I’ve got a cat sleeping on my lap, a dog snoozing on the floor between my legs, and another cat napping in the other room. I guess it’s officially nap time for the pets. Which means I’m going to get something done–hopefully uninterrupted!?
It’s interesting that as a human race we seem to think we must must justify, or we unintentionally justify, why we do what we do. Do you have conversations with others that end up with individuals saying, “Well I would but I need to….”? Or, “I can’t because…”? Or, “I would love to but…”? All too often we feel we need to explain to others (and maybe ourselves out loud) why we did or didn’t do something. What a way to live our life, eh?
I’ve found that when others come into our lives they CAN always teach us something. I may even go as far as to say, Papa God brought them into our life for a reason, as trying as some people truly are in teaching us something and us receiving the education/message. Always, I digress. When people come into our life we all ought to walk away from the exchange gaining some sort of knowledge. Maybe it’s a character building opportunity. Or, maybe it’s learning how to do something you didn’t know how to do. Yet maybe, it’s an opportunity to learn how to communicate better. People come into our lives for so many reasons I don’t want to limit the WHY of why they do.
As people come into our lives and we get to know one another, professional or personal, we as humans tend to relate to each other through “story”, through our own personal experiences that’ve happened to us in life. As we get to know one another and hear the other’s story we only just begin to relate with one another. It is during this time, as we listen to the other speaking, our brain can fire off into any and every direction, hearing or not hearing all of what the individual is telling us. Have you ever heard the saying, “Everyone walks away from the conversation hearing what they heard while the other walked away hearing something entirely different, yet they heard the same story?” As people communicate, our brains work to comprehend right in the moment and then store information for later on at night when we sleep. Interesting, eh? Pretty neat, too, that we don’t actually have to MAKE ourselves to this function of storing information!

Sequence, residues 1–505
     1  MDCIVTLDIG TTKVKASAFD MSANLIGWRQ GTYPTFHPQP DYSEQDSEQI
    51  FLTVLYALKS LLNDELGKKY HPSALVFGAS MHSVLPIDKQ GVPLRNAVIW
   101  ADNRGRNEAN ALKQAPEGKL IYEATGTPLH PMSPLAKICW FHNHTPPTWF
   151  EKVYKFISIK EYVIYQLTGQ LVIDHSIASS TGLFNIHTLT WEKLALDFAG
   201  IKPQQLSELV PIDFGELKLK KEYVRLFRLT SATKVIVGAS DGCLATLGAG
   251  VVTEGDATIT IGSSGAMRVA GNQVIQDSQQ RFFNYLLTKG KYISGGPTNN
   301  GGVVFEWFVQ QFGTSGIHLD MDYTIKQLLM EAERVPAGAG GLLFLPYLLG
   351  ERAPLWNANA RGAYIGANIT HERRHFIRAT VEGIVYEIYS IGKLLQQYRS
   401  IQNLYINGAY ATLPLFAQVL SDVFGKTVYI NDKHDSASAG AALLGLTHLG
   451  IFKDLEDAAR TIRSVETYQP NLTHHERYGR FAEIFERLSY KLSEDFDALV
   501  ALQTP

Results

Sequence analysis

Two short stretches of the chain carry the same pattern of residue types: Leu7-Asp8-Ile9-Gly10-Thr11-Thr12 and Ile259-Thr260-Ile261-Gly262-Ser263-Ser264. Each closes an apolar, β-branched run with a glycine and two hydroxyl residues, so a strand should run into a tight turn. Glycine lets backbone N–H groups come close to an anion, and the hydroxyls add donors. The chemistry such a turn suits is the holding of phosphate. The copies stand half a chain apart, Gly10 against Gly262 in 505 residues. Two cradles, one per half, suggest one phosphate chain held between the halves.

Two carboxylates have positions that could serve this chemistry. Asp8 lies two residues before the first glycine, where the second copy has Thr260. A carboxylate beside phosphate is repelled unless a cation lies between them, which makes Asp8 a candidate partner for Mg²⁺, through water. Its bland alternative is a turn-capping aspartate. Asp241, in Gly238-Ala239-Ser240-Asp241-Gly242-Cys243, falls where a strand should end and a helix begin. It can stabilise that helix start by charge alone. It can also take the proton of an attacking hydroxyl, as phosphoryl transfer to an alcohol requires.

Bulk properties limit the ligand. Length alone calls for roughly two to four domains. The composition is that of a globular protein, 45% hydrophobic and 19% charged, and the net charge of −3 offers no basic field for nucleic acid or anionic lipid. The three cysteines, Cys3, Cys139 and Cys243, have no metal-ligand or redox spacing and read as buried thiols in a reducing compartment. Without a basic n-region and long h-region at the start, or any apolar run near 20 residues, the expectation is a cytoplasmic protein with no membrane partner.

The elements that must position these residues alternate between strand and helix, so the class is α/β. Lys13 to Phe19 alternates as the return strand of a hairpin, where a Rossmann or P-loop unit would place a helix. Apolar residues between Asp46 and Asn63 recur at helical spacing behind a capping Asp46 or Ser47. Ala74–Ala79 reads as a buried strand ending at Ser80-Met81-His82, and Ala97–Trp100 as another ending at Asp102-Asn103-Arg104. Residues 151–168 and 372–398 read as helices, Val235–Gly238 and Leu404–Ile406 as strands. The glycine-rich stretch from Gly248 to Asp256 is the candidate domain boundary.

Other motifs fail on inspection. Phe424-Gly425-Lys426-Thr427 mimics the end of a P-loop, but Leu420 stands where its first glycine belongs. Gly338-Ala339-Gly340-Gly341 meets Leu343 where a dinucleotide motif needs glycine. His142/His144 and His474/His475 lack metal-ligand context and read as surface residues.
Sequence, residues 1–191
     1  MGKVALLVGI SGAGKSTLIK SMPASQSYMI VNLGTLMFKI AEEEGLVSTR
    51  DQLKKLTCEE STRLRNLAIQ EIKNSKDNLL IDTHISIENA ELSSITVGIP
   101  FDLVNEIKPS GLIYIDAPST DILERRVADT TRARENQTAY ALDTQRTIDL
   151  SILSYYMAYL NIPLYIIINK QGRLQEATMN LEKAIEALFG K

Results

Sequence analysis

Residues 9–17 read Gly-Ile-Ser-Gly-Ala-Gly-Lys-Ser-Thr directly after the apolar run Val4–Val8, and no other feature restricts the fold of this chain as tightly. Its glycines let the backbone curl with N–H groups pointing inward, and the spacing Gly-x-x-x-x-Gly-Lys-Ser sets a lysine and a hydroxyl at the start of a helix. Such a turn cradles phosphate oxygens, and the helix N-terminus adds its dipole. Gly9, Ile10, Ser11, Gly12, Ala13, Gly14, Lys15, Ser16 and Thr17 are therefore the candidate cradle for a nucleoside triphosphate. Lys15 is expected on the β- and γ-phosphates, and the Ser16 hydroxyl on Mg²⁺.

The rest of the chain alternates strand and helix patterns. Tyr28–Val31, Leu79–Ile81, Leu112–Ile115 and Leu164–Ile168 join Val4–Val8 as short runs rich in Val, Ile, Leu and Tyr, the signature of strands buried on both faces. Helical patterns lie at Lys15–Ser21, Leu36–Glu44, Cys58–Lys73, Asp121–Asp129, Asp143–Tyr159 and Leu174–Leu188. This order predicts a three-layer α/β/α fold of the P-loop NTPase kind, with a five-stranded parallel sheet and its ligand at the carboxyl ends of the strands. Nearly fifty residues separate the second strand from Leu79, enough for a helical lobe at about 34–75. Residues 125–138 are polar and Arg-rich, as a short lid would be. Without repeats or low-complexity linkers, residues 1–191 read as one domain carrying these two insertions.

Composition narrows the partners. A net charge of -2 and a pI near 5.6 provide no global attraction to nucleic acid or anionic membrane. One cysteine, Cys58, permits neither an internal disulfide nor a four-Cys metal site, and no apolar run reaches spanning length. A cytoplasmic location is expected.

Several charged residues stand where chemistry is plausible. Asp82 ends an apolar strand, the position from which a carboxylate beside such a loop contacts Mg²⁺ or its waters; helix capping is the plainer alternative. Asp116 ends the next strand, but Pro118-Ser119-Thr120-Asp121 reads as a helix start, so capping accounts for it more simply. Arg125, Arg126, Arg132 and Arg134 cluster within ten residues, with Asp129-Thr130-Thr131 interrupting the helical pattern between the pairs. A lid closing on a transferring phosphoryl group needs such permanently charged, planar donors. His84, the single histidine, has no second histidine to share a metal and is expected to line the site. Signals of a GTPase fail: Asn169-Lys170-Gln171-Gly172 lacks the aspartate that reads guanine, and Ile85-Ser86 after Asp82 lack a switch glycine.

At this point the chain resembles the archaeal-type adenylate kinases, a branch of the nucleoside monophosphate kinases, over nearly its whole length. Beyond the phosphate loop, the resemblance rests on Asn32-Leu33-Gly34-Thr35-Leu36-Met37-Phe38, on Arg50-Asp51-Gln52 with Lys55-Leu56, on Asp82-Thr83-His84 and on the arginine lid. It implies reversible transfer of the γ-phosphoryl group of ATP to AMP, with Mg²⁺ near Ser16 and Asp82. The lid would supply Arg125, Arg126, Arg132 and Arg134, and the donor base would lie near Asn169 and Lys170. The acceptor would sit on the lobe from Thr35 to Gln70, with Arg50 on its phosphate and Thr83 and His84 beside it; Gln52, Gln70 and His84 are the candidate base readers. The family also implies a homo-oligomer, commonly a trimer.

As we communicate, we can easily not hear people for what they are entirely saying. We can all too often allow our brain to fire and lead us into focusing on a particular something that was said and then miss a big part of what was said in the conversation. Or, we can hear something and we relate to it, so we are just waiting for the person speaking to pause so we can share our own experience–and we are not entirely focused or focused at all on what the person is saying at this point while waiting to speak. Looking at it this way can be a kind of an “ouch” moment, right? It’s natural for us to do this, want to connect with the speaker on a related experience or subject matter, but yet at the same time it may not be an “ouch” moment. Why? Because all too often we learn to do these exact examples given so far from watching others communicate, watching it on TV, or doing it ourselves and it being seemingly “normal” communication. What ever happened to stopping and putting our phone down and focusing on what a person is talking about? What ever happened to listening to a person speak and not feel we have to say anything to relate, but instead offer a listening ear and moral support. All too often in life we jump right into conversations and exchanges allowing our brain to fire and us to speak exactly what our brain fired off. Which leads me to the next point.
Why do we feel we need to justify what we say or what we do? Why do we feel the need to explain ourselves when, honestly, we don’t have to most often time. This can be a hard teaching for people to learn. I, myself, can catch myself doing this. And when I realize I’m doing this, I just shake my head inwardly at myself all the while thinking, You did it again, STOP doing that! Communication isn’t easy! No wonder communication is one of the hardest things about not only personal relationships, but professional relationships too. It’s far too easy for words to be misinterpreted, for us to walk away from a conversation hearing something different than what the person was actually meaning, and for this person speaking to not being heard fully.
Communication may not be easy, but it IS vital for us to be able to functionally communicate with others. We are humans beings who are meant to be in relationship with one another, and communicating is how we relate most often. Just because communication isn’t easy shouldn’t mean we throw in the towel, bite someone’s head off in words, or get angry when asked a question because someone didn’t understand something. I personally think we can ALL do a better job of communicating. It takes each and every one of us to make communication better. This means we really all should try to enhance our communications with one another, don’t you think?
As always, thank you for taking the time to interact and communicate here on the blog. We love hearing from our readers, and are thankful you choose to communicate with us! May your day be bright, filled with sunshine and smiles, and awesome communications!